Smaller banks are still relying heavily on overdraft fees, and there seem to be few sustainable options to overcome such a dependency.
Overdraft fees made up 48% of all service charges during the first quarter at banks with $1 billion to $10 billion in assets, based on call report data filed with the Federal Deposit Insurance Corp. In comparison, such fees made up a third of total service charges at larger banks. (Banks with less than $1 billion in assets do not have to provide detailed data on service charges.)
Relying on a single type of fee could prove increasingly problematic for community banks, industry observers said. The challenge, however, will involve finding new revenue streams to help smaller institutions diversify.
Smaller banks "are not in the business of gouging their customers, but they need to be looking for new alternative sources of noninterest income to boost overall shareholder value," said Philip Smith, president of the law firm Gerrish McCreary Smith.
Annual nonsufficient funds charges are declining across the banking industry, falling from $140 per debit card in 2005 to $60 last year, according to the consulting firm Cornerstone Advisors. Average annual fee income per retail checking account is also declining, the firm said.
Regulation, which has been cutting into the profitability of overdraft programs, is likely to continue as the Consumer Financial Protection Bureau aims to weigh in, said Brad Smith, managing director of technology solutions at Cornerstone. Banks with less than $10 billion in assets could still draw scrutiny from other regulators, he said.
"The dramatic reduction in consumer checking profitability is really changing banks' business models," Smith said, noting that institutions are dramatically reducing their focus on consumer banking. "A lot of banks don't talk about retail much anymore."
While hard-pressed to find ways to substantially replace overdraft fees, some institutions are starting to do "all sorts of creative things to drive more debit card usage," which in turn should increase debit interchange fees, Smith said.
Annual debit interchange per card nearly doubled from 2005 to 2014, to $69, Cornerstone reported. Existing regulation allows banks with less than $10 billion in assets to charge higher interchange rates.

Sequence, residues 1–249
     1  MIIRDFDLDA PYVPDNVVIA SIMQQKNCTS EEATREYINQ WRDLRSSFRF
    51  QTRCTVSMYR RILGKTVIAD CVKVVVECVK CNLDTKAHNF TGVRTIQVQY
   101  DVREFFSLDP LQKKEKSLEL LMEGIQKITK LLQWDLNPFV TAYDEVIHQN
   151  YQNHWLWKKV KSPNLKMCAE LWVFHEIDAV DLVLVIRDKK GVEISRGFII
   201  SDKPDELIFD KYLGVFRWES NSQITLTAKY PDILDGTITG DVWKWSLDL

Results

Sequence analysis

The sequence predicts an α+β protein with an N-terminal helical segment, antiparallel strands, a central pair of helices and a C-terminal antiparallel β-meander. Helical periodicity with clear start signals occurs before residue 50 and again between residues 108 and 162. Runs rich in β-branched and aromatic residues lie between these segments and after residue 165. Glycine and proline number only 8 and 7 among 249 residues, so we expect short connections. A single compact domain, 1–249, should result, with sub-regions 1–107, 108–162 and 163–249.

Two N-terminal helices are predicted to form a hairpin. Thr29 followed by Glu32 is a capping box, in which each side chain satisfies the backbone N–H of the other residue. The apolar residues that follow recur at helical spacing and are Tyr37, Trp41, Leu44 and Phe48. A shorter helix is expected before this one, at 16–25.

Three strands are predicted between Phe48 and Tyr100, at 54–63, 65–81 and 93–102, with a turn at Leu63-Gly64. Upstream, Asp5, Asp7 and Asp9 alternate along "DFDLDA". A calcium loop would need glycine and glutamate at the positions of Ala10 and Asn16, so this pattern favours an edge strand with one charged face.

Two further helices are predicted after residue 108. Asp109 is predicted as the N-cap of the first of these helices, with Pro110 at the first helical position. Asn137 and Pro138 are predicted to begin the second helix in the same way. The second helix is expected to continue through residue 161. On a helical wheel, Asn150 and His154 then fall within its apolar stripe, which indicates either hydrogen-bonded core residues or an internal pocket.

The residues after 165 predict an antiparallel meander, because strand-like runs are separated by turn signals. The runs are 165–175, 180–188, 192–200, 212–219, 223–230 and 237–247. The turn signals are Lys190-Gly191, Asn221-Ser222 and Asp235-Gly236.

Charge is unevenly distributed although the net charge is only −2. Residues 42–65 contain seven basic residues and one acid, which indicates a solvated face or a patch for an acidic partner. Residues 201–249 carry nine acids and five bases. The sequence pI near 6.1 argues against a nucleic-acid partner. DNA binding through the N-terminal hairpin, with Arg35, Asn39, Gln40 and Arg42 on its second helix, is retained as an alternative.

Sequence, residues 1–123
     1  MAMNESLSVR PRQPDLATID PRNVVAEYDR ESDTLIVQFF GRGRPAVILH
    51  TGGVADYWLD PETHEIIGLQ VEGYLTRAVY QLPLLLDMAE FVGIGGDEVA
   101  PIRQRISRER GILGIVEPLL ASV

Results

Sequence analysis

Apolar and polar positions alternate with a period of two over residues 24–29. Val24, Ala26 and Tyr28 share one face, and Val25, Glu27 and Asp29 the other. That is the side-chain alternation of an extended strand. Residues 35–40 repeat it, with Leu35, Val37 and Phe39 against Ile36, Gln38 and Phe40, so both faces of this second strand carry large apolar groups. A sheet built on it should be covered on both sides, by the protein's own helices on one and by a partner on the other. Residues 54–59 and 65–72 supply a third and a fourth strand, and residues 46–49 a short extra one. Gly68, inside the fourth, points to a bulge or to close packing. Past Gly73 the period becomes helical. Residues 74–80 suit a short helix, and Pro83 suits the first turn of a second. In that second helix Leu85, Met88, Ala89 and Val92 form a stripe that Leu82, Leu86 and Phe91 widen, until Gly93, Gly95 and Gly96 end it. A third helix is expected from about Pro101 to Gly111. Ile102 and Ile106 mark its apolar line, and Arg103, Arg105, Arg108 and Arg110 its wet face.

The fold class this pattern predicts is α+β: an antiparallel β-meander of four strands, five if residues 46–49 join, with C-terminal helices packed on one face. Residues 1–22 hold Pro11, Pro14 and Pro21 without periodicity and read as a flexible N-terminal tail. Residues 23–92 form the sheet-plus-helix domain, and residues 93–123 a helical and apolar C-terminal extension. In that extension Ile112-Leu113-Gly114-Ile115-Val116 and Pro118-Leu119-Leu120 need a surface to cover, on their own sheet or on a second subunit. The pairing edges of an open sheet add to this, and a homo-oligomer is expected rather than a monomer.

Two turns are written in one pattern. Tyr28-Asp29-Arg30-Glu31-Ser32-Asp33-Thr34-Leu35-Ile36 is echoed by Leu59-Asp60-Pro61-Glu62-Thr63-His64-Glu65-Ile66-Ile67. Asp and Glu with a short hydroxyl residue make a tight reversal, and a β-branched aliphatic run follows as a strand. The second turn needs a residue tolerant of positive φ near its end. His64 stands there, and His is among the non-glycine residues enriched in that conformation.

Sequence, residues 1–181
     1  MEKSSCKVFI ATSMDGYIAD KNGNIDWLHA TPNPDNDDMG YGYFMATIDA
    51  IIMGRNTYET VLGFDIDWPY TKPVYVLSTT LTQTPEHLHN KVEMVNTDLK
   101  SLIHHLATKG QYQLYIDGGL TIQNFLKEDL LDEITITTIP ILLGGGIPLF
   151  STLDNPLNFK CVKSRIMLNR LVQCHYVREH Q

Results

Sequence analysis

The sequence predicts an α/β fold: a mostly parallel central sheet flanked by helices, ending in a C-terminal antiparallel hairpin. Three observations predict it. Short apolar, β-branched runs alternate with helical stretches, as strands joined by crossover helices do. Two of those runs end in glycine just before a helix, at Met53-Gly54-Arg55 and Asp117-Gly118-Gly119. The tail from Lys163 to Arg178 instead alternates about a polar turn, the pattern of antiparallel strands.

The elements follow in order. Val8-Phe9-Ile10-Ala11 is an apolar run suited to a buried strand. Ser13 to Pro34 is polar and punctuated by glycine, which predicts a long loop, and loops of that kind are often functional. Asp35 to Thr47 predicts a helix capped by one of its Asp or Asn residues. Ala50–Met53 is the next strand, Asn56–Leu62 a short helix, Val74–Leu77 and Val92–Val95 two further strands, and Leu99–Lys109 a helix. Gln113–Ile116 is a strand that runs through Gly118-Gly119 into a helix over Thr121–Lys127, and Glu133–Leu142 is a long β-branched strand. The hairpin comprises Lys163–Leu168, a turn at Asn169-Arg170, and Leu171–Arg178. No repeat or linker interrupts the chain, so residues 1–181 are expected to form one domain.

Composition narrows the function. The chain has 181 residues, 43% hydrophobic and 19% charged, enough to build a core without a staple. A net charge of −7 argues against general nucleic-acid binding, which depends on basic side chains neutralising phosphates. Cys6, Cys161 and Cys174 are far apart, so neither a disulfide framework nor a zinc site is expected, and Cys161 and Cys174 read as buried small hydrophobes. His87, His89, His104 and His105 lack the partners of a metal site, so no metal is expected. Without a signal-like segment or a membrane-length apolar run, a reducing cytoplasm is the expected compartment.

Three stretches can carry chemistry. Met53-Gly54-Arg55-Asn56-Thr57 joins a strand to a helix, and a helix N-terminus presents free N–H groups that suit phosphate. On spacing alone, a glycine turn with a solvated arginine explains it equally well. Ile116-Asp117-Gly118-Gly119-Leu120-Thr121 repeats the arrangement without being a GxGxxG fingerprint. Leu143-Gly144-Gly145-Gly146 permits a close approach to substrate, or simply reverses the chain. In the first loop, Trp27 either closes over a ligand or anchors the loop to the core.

Monthly maintenance and ATM fees are another area that banks could pursue, though those are tricky, experts said. Maintenance fees only made up 11% of service charges at banks with $1 billion to $10 billion in assets, while ATM fees contributed 6% of the total. The percentages are roughly consistent with those of bigger banks.
It can be difficult for institutions, especially smaller ones, to increase ATM fees, which often take place when people use machines that do not belong to their bank, industry experts said. One strategy could consist of placing ATMs in high-traffic locations, such as airports or sports stadiums, where noncustomers likely need cash, said Steven Reider, founder of Bancography.
Bidding for such spots is often competitive, and banks typically need a certain amount of scale before such an ATM strategy can contribute a meaningful amount of revenue, Reider said.
"The difficulty is any one ATM can't earn a lot of money," Reider said. "It has to be multiplied a hundredfold. That strategy is really reserved for the largest banks."
Community Bank System in Dewitt, N.Y., generates roughly 2% of its operating revenue from ATM fees, according to SNL Financial. Community Bank System tends to have ATMs in rural locations where there are few options and noncustomers may be vacationing and in need of cash, said Scott Kingsley, the $7.5 billion-asset company's chief financial officer.
Still, there is no concerted strategy to drive significant revenue from ATM fees, Kingsley said. "It is really just a convenience factor, but we are seeing less ATM usage," he said.
Reduced ATM use is a concern for all banks. A rise in electronic banking options is prompting people to rely less on cash, which will likely cut into ATM fees, industry experts said.
Some banks have been experimenting with monthly maintenance fees. Bank of America, for instance, launched an account last year with a $4.95 monthly fee that doesn't include overdraft. Banks may also insist that customers meet certain requirements to avoid monthly maintenance fees.
Requiring direct deposit for paychecks is a popular prerequisite, said Thomas Parliment, chairman and chief executive of Parliment Consulting Services. Doing so would generally make someone a "core customer, and that's something banks battle for," he said.
"The bank wants to incent you to have a profitable relationship," Parliment said. "If I can be your primary transaction vehicle, then I can depend on that money. I would rather be that than receive the monthly fee. It's the Holy Grail."
Overall banks are struggling to persuade clients that they should be paying for banking services, Kingsley said.
"For you to have a productive and profitable institution, noninterest income sources are an important feature of that," Kingsley said. "The bank needs to get paid. You pay for your cable bill and cellphone bill, so there needs to be an understanding that you have to pay for banking as well."